The rapidly changing nature of the global food and agriculture system suggests the need to rethink how innovation can contribute to developing-country agriculture. While scientific and technological changes in agriculture can help foster productivity growth and poverty reduction, their contributions are incomplete without commensurate changes in the wider system of which they are a part. A more systems-oriented understanding of how innovation occurs in a society and economy is critical to promoting dynamism, responsiveness, and competitiveness in developing-country agriculture and, ultimately, to enhancing productivity and reducing poverty.
However, without adequate measures of the properties and performance of an agricultural innovation system, it is difficult for policymakers, investors, donors, and practitioners to promote policies and investments that foster greater innovativeness in agriculture. This suggests the need for a measure of agricultural innovativeness that preferably extends beyond the “black box” approach of measuring only inputs and outputs, focusing on the underlying processes that contribute to building the capabilities needed to create an innovative agricultural sector.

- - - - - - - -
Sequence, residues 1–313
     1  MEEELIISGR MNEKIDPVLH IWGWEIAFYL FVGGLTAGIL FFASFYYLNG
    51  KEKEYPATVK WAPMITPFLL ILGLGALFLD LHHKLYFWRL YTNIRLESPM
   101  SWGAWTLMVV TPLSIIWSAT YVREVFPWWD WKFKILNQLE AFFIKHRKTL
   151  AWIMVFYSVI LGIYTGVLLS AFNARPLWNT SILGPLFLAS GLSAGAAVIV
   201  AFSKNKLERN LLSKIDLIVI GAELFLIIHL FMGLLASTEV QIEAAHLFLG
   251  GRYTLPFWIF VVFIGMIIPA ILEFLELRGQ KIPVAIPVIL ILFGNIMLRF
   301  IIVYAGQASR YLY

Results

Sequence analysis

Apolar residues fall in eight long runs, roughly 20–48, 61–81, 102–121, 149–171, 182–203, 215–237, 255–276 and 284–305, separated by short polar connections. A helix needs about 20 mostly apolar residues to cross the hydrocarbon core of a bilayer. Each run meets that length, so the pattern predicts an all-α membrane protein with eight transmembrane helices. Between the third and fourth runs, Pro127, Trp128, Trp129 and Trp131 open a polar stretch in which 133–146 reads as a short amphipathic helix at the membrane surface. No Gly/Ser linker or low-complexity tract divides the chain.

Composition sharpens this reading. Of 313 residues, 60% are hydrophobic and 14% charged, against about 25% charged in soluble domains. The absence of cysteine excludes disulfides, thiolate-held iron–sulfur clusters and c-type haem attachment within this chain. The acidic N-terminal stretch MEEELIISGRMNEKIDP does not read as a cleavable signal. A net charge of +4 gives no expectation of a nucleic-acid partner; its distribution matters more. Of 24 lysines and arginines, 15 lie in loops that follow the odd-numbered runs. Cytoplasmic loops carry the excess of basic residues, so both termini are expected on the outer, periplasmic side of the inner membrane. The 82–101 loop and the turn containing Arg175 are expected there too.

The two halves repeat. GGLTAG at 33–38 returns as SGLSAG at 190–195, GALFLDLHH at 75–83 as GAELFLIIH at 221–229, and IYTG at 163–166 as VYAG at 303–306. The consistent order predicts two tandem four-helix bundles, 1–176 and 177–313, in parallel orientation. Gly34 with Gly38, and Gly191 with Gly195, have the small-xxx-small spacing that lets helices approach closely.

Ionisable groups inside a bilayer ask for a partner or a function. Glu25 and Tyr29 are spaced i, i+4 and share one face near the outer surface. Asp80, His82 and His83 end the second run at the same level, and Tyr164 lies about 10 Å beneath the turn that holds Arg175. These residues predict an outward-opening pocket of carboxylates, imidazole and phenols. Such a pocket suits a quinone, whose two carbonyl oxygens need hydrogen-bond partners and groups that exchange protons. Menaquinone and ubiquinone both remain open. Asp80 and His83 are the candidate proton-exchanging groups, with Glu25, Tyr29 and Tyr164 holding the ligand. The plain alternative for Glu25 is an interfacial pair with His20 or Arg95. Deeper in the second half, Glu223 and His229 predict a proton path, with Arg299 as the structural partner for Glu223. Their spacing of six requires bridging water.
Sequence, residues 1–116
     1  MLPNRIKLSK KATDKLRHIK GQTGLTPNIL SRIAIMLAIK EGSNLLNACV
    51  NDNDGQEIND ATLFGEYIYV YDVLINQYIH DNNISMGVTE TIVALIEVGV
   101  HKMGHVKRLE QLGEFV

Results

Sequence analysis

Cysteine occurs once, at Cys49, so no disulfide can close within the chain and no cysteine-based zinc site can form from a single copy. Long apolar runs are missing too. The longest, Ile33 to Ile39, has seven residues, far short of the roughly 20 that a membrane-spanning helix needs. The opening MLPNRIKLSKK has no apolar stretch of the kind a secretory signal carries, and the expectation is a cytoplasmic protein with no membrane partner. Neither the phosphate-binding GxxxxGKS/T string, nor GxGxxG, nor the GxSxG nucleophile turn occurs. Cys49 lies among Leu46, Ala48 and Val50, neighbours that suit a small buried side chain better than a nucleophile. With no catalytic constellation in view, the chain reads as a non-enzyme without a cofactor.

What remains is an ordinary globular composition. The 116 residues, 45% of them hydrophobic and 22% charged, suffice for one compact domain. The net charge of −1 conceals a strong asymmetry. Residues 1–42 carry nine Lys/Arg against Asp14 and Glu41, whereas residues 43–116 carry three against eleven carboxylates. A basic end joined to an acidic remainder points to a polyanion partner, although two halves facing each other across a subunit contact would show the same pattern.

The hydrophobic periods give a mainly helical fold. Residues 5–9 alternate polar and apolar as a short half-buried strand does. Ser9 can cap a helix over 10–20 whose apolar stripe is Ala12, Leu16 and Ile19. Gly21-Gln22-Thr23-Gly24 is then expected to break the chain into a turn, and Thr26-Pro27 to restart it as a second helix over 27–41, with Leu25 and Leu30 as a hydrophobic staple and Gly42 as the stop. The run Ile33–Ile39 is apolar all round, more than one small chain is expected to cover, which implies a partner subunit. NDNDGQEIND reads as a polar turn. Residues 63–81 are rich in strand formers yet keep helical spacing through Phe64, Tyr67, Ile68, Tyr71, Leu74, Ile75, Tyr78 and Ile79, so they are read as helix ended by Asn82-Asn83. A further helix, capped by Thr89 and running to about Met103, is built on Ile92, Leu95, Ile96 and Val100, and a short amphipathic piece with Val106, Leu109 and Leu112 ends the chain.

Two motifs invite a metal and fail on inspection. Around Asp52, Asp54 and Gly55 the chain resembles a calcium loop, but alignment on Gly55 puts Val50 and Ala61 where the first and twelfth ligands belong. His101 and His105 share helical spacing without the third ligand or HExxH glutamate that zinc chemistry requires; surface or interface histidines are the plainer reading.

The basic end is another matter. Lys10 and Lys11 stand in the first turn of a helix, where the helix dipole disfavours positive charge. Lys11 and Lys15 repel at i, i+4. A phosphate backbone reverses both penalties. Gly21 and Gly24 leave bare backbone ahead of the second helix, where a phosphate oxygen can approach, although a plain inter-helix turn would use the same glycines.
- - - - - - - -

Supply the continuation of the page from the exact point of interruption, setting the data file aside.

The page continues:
To this end, this paper attempts to provide a “proof of concept” that innovativeness in developing-country agriculture can be measured. It first identifies a set of indicators from secondary data sources that measure the key elements of an agricultural innovation system. Several hundred indicators are reviewed, validated, and aggregated into a unique Agriculture, Development, and Innovation Index (ADII). The paper then provides a toolkit for collecting and analyzing “systems-oriented” indicators that add more process-related nuances to the ADII with both attributional and relational data. This is illustrated with data collected in Ethiopia and Vietnam in 2007-08.